Django 4.2 behavior change when using ArrayAgg on unnested ArrayField (PostgreSQL-specific)

Greetings, fellows.

I am upgrading my app to Django 4.2. So far, I stumbled onto a single issue with PostgreSQL-specific queries.

Here is a queryset snippet that has a different behaviour between Django 4.1.9 and Django 4.2+:

from django.db import models
from django.contrib.postgres.fields import ArrayField
from django.contrib.postgres.aggregates import ArrayAgg

class Offer(models.Model):
	keywords = ArrayField(
        models.TextField(),
        default=list,
        blank=True,
    )

    @classmethod
    def flatten_keywords(cls):
    	return cls.objects.all().annotate(keyword_lists=models.Func(models.F("keywords"), function="unnest")).values_list("keyword_lists", flat=True).aggregate(keyword_list=ArrayAgg("keyword_lists", distinct=True))

Function flatten_keywords performs a following working query in Django 4.1.9:

SELECT ARRAY_AGG(DISTINCT "keyword_lists" ) FROM (SELECT unnest("camps_offer"."keywords") AS "keyword_lists" FROM "camps_offer" subquery

However, if I upgrade to Django 4.2.0 (or 4.2.2), the statement changes:

SELECT ARRAY_AGG(DISTINCT unnest("camps_offer"."keywords") ) AS "keyword_list" FROM "camps_offer"

It is followed by the error and a hint:

ERROR:  aggregate function calls cannot contain set-returning function calls at character 27
HINT:  You might be able to move the set-returning function into a LATERAL FROM item.

I am struggling to cherry-pick the change that led to it, can’t see anything related to it in the changelog.

Did anyone happen to have this as well, or know what was changed?

Hello @amureki!

Django 4.2 shipped changes that avoids doing subquery pushdown on aggregation when unnecessary as these can be harmful performance wise in a lot of cases.

What it failed to account to is that when aggregate expressions refer to certain expressions the pushdown must still take place.

An example of that fixed in Django 4.2.2 is reference to subqueries but the problem you are facing is similar in essence; an aggregate referencing an expression that produces rows.

Could you confirm that using the following code instead addresses your issue?

class Unnest(Func):
    subquery = True
    function = "unnest"

cls.objects.annotate(
    keyword_lists=Unnest("keywords"),
).values_list(
    "keyword_lists", flat=True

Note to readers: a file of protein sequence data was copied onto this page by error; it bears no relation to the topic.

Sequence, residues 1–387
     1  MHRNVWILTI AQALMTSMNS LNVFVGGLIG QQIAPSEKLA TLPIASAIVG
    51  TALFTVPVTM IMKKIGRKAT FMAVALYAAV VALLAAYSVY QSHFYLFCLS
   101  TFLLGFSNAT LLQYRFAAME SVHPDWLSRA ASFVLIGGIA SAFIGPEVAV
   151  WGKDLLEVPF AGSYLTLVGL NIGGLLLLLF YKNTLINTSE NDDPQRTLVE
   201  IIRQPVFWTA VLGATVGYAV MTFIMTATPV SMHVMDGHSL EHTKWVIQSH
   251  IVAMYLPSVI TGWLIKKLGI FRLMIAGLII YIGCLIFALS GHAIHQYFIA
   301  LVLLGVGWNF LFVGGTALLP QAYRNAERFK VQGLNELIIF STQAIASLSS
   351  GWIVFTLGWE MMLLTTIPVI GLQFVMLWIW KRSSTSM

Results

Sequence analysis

).aggregate(
    keyword_list=ArrayAgg("keyword_lists", distinct=True)
)

If it does it makes me believe we might need an Expression flag to denote either that it returns rows or maybe simply a flag that denotes that it can only be summarized by reference. The latter would be the case for aggregates, subqueries, and functions like unnest.

1 Like

Hey Simon!

Thank you for the reply and extensive explanation.
This is good to know, I definitely missed this change.

Your example indeed addresses the issue. I am honestly a bit far from the Django database internals architecture to justify whether the patch in such logic is needed and what would be the right place for it. But it feels like such pushdown certainly makes sense in some cases.

The solution by @charettes worked well until Django 4.2.7 release. :sweat_smile:

Now, this code fails again with the similar error (code logic did not change, but Django version):

aggregate function calls cannot contain set-returning function calls
LINE 1: SELECT ARRAY_AGG(DISTINCT unnest("camps_offer"."keywords") )...
                                  ^
HINT:  You might be able to move the set-returning function into a LATERAL FROM item.

I am not sure yet, where the regression comes from, I see only #34798 (Subquery wrapping is required in QuerySet.aggregate() for aggregates referencing nested subquery.) – Django that might affect this.

Is there any chance I could get your brain here again, @charettes ? :pray:
Otherwise, I see just two options - to go raw SQL or switch to Python-based evaluations, which would be much slower.

Best,
Rust

Hello @amureki!

The solution for Django 4.2.7+ should be as simple as switching from subquery = True to contains_subquery = True when defining Unnest

class Unnest(Func):
    contains_subquery = True
    function = "unnest"
1 Like

Oh, I should pay more attention to what is happening. This totally makes sense as I see it now.
Many thanks again for the suggestion, and please forgive me for the noise.

:sparkles:

np, I wanted to get back to this thread after the patch to let you know but it slipped off my radar.

1 Like